QuicktimeMPEG This series of stills shows the technique used to make distance measurements to galaxy clusters. Chandra's observations are used to determine the ratio of the mass of the hot gas and the mass of the dark matter in different galaxy clusters. This "gas fraction" depends on the assumed distances to the clusters, which in turn depends on the amount of matter and dark energy in the Universe. Because galaxy clusters are extremely large, the gas fraction should be the same for every cluster, and so the distances to the clusters are adjusted to satisfy this requirement. Each of the 3 illustrations shows Chandra in the top left, observing a galaxy cluster, shown in the top right (in red). The relative amounts of hot gas (in red) and dark matter (in blue) are shown at the bottom, with the green marker giving the expected, correct amount. The first illustration shows a gas fraction that is too small, implying that the distance to the cluster is too small, the second shows the correct gas fraction and distance, and the third illustration shows a gas fraction and distance that are too large.
[Runtime: 0:12]
View Stills
(NASA/CXC/M.Weiss)

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Click for high-resolution animation
7. Artist's Representation of Sound Waves Preventing a Cooling Flow in Perseus
QuicktimeMPEG This graphic contains a series of three illustrations to show how a "cooling flow" in the Perseus cluster, and the resulting star formation, is prevented by sound waves generated by the central black hole. The hot, X-ray emitting gas that fills the cluster is shown in red. Next, the gas near the center of the cluster radiates energy and cools, which is shown as blue. The third frame shows heating by the sound waves, shown in yellow, preventing further cooling of the gas. This stops the inward flow of gas expected in a cooling flow, preventing new star formation.
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(NASA/CXC/M.Weiss)

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8. Artist's Representation of "Cooling Flows" in Galaxy Clusters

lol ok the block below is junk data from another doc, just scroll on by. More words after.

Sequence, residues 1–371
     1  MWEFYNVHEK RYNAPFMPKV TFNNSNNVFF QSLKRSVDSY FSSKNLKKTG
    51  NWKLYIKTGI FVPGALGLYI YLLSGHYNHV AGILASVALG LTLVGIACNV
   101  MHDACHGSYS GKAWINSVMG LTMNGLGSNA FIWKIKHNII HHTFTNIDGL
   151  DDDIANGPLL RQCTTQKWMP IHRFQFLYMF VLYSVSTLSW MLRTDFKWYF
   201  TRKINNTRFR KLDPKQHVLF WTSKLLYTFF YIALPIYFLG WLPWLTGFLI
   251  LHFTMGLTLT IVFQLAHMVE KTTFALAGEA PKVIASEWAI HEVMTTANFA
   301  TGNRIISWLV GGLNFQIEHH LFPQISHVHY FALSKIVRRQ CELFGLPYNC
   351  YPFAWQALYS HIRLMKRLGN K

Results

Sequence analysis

QuicktimeMPEG The detection of intergalactic sound waves may solve the long-standing mystery of why the hot gas in the central regions of the Perseus cluster has not cooled over the past ten billion years to form trillions of stars. This graphic contains a series of four illustrations to show how "cooling flows" are expected to affect the structure of galaxy clusters. The hot, X-ray emitting gas that fills the cluster is shown in red. Next, the gas near the center of the cluster radiates energy and cools, which is shown as blue. The resulting inward flow of gas should cause higher densities toward the center of the cluster (brighter blue), and the final frame shows how this is expected to generate prodigious star formation.
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(NASA/CXC/M.Weiss)

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9. The Big Rip
QuicktimeMPEG A third possible future for the Universe is the most exotic of all. As shown in this animation, if dark energy increases with time, the Universe may experience a catastrophic, runaway expansion. Within about a 100 billion years every galaxy, star and atom in the Universe would be ripped apart.
[Runtime: 0:03]
(NASA/STScI/G.Bacon)

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Click for high-resolution animation
10. The Big Crunch
QuicktimeMPEG This animation shows another possible future for the Universe, where dark energy eventually leads to a slowing of the expansion of the Universe, followed by a recollapse, the so-called "big crunch". In some ways this scenario resembles the Big Bang in reverse.
[Runtime: 0:08]
(NASA/STScI/G.Bacon)